"Game of Thrones": 10 Questions for Season 7
It’s a new book from DIY comicker Larry Young. Huzzah!
It’s been a while since I’ve read a book from AiT-Planet Lar, mainly because they haven’t been putting books out with a great deal of regularity. But Larry was nice enough to give this to me, so let’s check it out, shall we? Elvis van Helsing is written by Steve Kriozere and Mark A. Altman, drawn by Jason Baroody, and toned and lettered by Zach Matheny. Like all AiT books, it costs $12.95. Also like all AiT books, it smells good. What’s up with that?
The high concept of this story is that Elvis Yang, adopted son of a Korean couple, discovers that he’s actually descended from Abraham van Helsing, famed vampire/monster hunter. In the prologue, we find out that Bram Stoker interviewed van Helsing and based Dracula on his exploits. Now, a century or so later, a group of evil-doers has found Elvis and want to steal the stake used to kill Dracula from him (even though he doesn’t know he has it). They think they can clone Dracula from DNA on the stake. So Elvis and his BFF Randy have to figure out whom they can trust and protect the stake. Elvis is approached by a woman named Vanessa, who claims to be a long-time ally of the van Helsing family, while there’s the cute blonde Ariel, who belongs to a secret organization who claim they fight evil world-wide. But who’s telling the truth?!?!?!?!?
It’s a silly concept, certainly (especially when we meet the other members of Ariel’s organization, who are descended from other “real” people), but the writers do some interesting things with it. Elvis is your typical slacker-who’s-really-a-genius college student who is inexplicably pals with people like Bob Woodward and Stephen King, but Kriozere and Altman give him some nice interactions with his adoptive parents, who know far more than they’re letting on. The intrigue over who are the good guys and who are the bad guys is interesting, too, especially because Kriozere and Altman keep us guessing until the final page. Obviously, we expect some of the twists to come at us, but it’s kind of neat that the writers are almost relentless with the twists, so we really can’t get a handle on things. This is, unfortunately, a “to be continued” graphic novel, and while it’s not a bad place to start, I also don’t have much confidence that we’re going to see much more. Kriozere and Altman both work in Hollywood, so it’s hard to believe they don’t have more lucrative projects to get to. Perhaps they will return to Elvis and his world. We shall see.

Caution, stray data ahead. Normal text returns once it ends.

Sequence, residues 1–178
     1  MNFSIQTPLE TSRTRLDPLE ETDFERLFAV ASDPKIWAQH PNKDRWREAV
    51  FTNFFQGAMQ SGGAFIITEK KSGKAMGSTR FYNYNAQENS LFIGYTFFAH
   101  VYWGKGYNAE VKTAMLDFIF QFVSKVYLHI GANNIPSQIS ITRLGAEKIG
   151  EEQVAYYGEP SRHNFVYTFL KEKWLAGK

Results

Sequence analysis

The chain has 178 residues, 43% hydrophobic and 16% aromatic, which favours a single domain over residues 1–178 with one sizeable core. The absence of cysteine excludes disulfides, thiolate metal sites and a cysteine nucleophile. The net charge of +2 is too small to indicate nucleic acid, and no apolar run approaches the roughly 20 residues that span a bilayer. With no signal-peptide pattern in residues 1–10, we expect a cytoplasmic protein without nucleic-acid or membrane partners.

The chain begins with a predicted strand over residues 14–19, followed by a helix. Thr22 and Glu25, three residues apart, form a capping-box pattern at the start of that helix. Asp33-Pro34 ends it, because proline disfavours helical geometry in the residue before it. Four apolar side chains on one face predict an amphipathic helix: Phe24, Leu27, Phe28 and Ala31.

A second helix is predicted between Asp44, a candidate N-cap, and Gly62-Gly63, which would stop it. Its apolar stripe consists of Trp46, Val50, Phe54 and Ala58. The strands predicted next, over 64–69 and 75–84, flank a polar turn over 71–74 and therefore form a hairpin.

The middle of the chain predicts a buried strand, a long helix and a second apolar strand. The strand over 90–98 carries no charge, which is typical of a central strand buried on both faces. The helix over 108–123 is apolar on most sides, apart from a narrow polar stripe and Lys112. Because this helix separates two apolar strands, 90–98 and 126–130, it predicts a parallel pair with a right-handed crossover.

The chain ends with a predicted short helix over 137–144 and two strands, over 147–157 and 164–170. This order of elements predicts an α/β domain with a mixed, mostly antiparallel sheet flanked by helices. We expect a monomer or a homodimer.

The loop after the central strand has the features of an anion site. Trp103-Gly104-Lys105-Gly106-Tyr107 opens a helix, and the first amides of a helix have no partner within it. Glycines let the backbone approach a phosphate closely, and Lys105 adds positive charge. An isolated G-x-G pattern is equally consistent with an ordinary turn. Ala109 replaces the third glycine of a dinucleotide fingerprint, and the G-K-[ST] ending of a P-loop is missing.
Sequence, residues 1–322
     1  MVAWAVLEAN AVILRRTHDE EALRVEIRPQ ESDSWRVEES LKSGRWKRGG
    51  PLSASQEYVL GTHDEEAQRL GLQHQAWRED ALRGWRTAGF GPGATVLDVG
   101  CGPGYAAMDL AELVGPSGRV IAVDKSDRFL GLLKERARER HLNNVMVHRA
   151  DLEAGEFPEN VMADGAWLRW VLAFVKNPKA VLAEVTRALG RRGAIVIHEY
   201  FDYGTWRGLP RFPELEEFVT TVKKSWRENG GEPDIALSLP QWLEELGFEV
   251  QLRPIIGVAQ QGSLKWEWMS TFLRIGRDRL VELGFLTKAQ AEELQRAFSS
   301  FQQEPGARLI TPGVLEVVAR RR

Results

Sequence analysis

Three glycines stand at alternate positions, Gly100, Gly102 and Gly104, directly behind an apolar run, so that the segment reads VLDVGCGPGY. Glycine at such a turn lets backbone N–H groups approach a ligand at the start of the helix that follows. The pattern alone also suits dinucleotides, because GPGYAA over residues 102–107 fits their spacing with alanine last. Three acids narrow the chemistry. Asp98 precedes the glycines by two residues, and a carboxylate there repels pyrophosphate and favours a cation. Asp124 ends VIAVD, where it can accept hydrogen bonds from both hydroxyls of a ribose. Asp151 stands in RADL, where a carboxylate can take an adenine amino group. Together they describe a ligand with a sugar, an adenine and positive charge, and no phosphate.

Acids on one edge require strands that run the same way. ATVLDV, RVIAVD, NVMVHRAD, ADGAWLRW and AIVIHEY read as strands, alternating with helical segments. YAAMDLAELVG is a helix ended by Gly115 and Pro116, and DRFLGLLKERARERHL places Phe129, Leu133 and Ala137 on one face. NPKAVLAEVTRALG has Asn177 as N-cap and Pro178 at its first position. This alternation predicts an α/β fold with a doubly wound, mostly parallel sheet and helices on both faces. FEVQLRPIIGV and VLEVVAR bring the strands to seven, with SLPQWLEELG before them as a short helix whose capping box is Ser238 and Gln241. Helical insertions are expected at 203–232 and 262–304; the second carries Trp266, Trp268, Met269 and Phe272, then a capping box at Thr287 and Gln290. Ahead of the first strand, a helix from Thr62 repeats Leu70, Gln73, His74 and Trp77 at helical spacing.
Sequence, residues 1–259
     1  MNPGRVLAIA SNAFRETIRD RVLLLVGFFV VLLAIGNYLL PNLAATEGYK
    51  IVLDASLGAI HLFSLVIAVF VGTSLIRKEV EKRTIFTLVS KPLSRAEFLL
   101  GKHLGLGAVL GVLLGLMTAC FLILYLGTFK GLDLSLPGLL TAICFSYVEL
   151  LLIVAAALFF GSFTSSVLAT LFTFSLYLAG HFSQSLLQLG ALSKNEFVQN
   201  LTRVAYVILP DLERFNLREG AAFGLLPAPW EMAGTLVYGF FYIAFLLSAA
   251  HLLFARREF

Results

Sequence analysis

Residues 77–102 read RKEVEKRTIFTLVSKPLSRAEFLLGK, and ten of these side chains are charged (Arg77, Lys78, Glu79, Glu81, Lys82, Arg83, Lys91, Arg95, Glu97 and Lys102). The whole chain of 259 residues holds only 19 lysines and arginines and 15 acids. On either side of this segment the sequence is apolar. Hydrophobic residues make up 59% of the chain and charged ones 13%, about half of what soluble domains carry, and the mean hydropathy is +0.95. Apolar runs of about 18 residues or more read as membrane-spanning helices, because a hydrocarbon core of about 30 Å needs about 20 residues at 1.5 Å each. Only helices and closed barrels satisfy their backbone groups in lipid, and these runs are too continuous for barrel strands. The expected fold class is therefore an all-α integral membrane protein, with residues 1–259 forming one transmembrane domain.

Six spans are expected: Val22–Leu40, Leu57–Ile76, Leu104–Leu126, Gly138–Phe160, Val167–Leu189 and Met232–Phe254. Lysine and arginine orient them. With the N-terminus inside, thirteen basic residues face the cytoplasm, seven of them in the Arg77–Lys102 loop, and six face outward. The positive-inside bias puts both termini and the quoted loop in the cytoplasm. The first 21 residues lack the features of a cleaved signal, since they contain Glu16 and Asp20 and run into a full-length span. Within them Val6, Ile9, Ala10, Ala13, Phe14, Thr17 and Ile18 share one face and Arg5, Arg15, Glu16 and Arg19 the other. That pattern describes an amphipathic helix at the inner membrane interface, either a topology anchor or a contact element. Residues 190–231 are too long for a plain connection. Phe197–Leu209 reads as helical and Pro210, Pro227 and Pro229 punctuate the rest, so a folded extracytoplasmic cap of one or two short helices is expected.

Baroody isn’t a bad artist – he uses some photo-referencing for his backgrounds, but integrates it well into the panel (it always seem to work better in black-and-white). His figure work is a bit bland and has a bit of a low-rent Gene Ha vibe, but it gets the job done. I wish I could say more about it, but even though I’ve tried to be better at describing art, there’s just not a lot to say about it. It’s fine but not wonderful.
Elvis van Helsing is an enjoyable but pretty forgettable comic. I certainly didn’t hate it, but it’s kind of like a middle-of-the-road movie that shows up on TNT all the time – you know, you can drop in, watch for a while, enjoy it, but if something comes up, you turn it off without thinking twice (they were showing Shooter a few weekends ago, and that’s a good example of what I’m talking about). Unfortunately, this comic doesn’t come as part of your cable package, so you have to drop some cash for it. That might work against it.
Tomorrow: Who doesn’t love lawyers?
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